My apologies for last weeks’ erratic posts. They should all be there now.
My first-cruise-ever was pretty great, but a few final observations and a suggestion. First off, if “you are what you eat,” I am surely by now a smoked salmon. I spent a fortune on the cruise, but if you price out the smoked salmon I consumed — for breakfast, for lunch, for snacks for dinner — I made a profit on the deal. I can now swim upstream with the best of them . . . handy for a contrarian investor. (Show me a trout that ever beat the Dow and I’ll show you a trout who’s at least one quarter salmon.) Second, if your fellow cruisers are, like you, deeply concerned about their carbon footprints, then perhaps a cruise — we burned 33,000 gallons of diesel fuel a day — is not the best venue for the discussion. But what an amazing thing: a floating hotel, built in Italy two years ago, with a Dutch name (“the Nieuw Amsterdam”), flying a French flag, owned by a British-American firm, cruising in the Caribbean, staffed by 888 mainly Indonesians and Filipinos serving baked Alaska to the aforementioned Egyptian (and 2,110 others).
And yet everywhere we went — 326 nautical miles to Half Moon Cay, the cruise line’s private island; 507 nautical miles to Jamaica; 251 to Grand Cayman (“Hey, hey! Ho, ho! Tax evaders have to go!”); 350 to an island off Honduras; 815 back to Ft. Lauderdale (where 2,111 of us disembarked by 10am so 2,111 fresh cruisers board two hours later) — was essentially the same: a crowded little beach packed with lounge chairs; rum funnies; a snorkeling option; and festive music that should not be playing before sunset, let alone at 11am.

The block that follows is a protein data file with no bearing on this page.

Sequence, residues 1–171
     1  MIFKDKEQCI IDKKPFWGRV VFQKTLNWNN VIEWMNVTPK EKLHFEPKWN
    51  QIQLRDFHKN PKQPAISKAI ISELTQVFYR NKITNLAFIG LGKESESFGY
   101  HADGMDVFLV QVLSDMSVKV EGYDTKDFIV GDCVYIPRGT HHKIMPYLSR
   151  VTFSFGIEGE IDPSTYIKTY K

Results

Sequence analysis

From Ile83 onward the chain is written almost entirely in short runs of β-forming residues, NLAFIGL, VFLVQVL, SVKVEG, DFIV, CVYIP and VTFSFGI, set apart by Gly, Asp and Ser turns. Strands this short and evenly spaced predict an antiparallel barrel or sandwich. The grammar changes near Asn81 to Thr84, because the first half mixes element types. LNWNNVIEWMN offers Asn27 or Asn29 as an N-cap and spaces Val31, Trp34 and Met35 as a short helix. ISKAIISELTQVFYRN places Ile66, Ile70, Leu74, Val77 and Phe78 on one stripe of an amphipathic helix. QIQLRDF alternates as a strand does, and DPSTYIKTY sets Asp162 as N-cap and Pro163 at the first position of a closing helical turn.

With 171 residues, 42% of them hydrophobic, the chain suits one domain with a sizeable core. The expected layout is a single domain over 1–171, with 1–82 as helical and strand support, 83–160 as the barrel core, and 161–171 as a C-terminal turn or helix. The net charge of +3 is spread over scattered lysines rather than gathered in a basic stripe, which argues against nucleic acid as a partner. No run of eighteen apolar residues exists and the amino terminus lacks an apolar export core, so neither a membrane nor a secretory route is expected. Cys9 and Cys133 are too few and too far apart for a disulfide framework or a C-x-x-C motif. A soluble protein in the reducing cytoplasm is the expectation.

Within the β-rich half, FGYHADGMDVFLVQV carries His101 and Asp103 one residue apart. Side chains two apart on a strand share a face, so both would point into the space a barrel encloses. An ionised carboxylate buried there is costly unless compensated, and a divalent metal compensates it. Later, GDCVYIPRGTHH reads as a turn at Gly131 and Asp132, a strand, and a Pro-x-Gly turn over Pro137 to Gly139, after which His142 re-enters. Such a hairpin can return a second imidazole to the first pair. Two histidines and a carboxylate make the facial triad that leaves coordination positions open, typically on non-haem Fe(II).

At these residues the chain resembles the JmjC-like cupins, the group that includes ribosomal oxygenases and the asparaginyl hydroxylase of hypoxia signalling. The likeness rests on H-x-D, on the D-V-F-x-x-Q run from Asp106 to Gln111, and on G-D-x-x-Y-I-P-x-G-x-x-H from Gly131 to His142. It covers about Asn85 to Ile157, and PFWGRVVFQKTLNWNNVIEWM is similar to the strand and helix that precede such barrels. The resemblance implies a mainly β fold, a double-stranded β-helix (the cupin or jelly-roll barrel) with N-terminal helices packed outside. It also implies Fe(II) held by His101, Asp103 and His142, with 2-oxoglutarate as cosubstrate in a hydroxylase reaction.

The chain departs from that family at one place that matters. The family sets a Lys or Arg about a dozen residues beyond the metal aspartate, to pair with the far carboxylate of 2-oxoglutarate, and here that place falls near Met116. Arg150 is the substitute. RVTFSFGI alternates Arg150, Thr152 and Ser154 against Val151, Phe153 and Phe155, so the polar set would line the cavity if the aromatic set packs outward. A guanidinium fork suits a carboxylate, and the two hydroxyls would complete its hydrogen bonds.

So here’s my suggestion. Steam to Half Moon Cay, have a nice day. Then, as the sun is setting, go a few miles out to sea, keep enough power on to churn the water a bit and make the boat rumble and vibrate — occasionally clank some stuff — and “arrive” in port the next morning, by which time the beach chairs have been swapped out for a different color, the signage has changed, and — well, you get the idea. Welcome to Jamaica, Mon! It’s basically what Disney does: all the rides are identical, as you sit in little tubs that travel around a track up and down and around through tunnels on whose walls are projected the dinosaurs you would see if you were a caveman, with appropriate narration and sound effects, the stars you would see if you were an astronaut, the dragons you would see if you were a Hobbit — whatever.
Think of the fuel it would save! I’m on to something here.